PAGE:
Hello, Kitty
Subscriber
Hello, Kitty

The student who was struck was not in a school zone (though I agree he should have been). If you don’t have kids, you could easily be oblivious to the start of school.

I’m not trying to excuse the driver, just understand what happened as objectively as possible so we can make the best assessment about how to prevent it from happening again.

Dan A
Subscriber
Dan A

The driver passed this bright yellow school zone sign 1000 feet before he crashed into a 15-year-old.

https://goo.gl/maps/8PGDNzCkyQ82

Hello, Kitty
Subscriber
Hello, Kitty

That’s not a school zone sign.

Dan A
Subscriber
Dan A

Okay, it’s a “school area sign” or a “school crossing sign”. The top part, known as S1-1, when used with the bottom part, is

“to warn road users that they are approaching a crossing where schoolchildren cross the roadway”.

http://mutcd.fhwa.dot.gov/htm/2009/part7/part7b.htm

Spiffy
Subscriber

despite there being signs that designate the speed on “school days” that list of days isn’t given to anybody and there’s no way to know when it’s a school day unless you call the school and ask…

there are a lot of people that had no idea that school was starting that day at that school…

Ted Timmons (Contributor)
Editor

Why does it matter? There can be kids near school zones/parks at nonschool times. There can be others at crosswalks.

wsbob
Guest
wsbob

False? You say “…There is no school zone there.”? That’s interesting, given that, according to this story, and the google maps picture in the story, there appears to be a big ol’ school adjacent to the road…just as the story reports.

“…According to the Portland Police Bureau, the crash happened at around 7:45 am this morning at North Columbia Boulevard and Midway — right across the street from George Middle School. …” bikeportland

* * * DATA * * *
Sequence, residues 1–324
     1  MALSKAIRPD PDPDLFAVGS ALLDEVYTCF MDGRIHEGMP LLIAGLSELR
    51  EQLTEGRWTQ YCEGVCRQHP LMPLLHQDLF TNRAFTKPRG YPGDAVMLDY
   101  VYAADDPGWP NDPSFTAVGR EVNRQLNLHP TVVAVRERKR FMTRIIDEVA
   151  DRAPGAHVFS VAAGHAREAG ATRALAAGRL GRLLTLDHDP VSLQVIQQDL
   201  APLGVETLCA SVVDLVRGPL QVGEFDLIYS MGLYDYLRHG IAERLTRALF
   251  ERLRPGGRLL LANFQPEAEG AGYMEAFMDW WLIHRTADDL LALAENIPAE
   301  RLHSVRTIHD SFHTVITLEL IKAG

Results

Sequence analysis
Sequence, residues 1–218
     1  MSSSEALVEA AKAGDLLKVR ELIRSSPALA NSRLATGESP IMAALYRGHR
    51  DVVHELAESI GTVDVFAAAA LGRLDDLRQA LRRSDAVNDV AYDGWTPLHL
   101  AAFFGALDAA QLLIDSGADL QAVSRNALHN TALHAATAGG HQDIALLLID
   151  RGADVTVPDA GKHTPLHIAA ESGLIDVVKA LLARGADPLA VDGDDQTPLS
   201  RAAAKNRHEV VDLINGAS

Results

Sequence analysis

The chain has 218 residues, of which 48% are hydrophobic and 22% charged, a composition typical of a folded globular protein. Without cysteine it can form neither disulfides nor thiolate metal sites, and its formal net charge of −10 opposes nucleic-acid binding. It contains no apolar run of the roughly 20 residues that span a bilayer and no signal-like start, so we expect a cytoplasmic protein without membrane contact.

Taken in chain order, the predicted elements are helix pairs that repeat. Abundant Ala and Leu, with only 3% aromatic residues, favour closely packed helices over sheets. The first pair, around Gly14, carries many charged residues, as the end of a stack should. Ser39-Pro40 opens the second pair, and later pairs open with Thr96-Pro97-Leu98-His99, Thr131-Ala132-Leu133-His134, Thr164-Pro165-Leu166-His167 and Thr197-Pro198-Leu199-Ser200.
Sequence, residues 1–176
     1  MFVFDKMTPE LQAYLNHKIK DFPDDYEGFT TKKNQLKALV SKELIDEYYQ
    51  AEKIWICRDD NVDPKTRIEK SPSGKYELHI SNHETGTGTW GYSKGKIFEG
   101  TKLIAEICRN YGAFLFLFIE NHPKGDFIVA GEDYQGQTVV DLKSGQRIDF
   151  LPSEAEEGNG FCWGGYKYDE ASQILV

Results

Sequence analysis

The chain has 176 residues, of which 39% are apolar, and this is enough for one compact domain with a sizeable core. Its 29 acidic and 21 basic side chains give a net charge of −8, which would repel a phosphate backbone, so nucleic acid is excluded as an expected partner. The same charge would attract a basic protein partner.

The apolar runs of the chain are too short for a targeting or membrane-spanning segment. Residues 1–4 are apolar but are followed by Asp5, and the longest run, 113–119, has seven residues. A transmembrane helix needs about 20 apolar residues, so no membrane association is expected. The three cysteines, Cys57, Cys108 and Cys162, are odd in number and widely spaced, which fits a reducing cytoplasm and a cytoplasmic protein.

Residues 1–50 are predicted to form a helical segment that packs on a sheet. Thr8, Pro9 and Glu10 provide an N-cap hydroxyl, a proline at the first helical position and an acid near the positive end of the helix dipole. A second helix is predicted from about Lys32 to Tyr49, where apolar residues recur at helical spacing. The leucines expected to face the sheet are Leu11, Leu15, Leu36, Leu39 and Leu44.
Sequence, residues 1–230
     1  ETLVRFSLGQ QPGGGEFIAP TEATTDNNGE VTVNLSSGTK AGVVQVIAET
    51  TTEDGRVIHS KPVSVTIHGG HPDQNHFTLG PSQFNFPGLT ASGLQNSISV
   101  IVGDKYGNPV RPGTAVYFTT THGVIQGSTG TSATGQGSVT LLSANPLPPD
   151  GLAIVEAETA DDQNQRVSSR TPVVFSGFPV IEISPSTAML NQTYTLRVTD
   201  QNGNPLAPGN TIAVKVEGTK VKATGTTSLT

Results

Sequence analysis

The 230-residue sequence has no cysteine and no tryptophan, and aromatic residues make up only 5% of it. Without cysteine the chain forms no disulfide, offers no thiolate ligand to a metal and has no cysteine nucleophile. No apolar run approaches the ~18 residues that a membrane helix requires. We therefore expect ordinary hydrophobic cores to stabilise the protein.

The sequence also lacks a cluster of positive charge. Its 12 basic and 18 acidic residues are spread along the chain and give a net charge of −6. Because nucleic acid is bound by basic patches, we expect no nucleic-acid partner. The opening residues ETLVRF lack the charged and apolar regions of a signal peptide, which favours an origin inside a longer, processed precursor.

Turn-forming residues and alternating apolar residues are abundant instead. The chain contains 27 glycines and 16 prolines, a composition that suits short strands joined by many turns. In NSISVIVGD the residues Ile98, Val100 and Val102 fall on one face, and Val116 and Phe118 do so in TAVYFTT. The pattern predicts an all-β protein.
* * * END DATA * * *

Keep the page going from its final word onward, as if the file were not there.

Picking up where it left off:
The school looks to be clearly visible from the road. And, the big pedestrian bridge over the road. Ian commenting here, mentions what you refer to as “…the warning sign for school children. …”. Is there one or more of those signs on the stretch of road past the school, where the collision occurred?

These are, or should be to any fairly competent road user, clear indication that they within a school zone, whether or not there is an official MUTCD ‘school zone’ sign obliging road users to limit the speed of their vehicle to 20 mph.

Being aware, by being alert for other indications besides a sign, that they are passing through a school zone where children and other young people may be present, is a basic responsibility…an obligation of road users operating motor vehicles. This awareness is a responsibility and obligation that transcends the letter of the law.

Hello, Kitty
Subscriber
Hello, Kitty

Being near a school is not the same as being in a school zone. A school zone is a thing. He was next to a school. He was not in a school zone.

wsbob
Guest
wsbob

I hear what you’re saying. Maybe the idea that you and paikiala are maintaining, is that if there is no official ‘school zone’ sign on roads immediately adjacent to school zones, such roads are not within a school zone.

Ask yourself this question: ‘Would reasonable persons that are competent operators of a motor vehicles, and that have approached and are driving by property (play fields with big school buildings next to them.), buildings (again, readily apparent school type buildings…rather than retail, office, industrial, etc.) and pedestrian infrastructure ( the pedestrian bridge.), not pick up clear cues from those items, that they are driving within a school zone?